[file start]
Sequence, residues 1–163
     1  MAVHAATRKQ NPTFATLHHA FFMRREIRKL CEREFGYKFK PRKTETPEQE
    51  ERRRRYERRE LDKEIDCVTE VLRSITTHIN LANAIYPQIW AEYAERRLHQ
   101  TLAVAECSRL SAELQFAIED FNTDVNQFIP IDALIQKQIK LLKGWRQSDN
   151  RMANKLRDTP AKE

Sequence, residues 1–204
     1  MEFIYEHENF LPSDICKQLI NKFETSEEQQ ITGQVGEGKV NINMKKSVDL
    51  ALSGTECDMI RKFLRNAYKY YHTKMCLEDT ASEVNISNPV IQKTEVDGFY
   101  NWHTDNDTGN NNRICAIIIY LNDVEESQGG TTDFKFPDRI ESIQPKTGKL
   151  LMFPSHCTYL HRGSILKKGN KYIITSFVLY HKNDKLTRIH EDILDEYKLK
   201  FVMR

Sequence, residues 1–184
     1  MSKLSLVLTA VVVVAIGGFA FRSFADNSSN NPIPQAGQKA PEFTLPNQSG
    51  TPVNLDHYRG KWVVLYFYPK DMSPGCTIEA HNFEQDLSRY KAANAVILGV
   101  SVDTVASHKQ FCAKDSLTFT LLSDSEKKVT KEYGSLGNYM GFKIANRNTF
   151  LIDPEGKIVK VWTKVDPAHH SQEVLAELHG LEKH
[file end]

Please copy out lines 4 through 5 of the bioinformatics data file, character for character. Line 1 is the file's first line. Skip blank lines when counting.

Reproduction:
   101  TLAVAECSRL SAELQFAIED FNTDVNQFIP IDALIQKQIK LLKGWRQSDN
   151  RMANKLRDTP AKE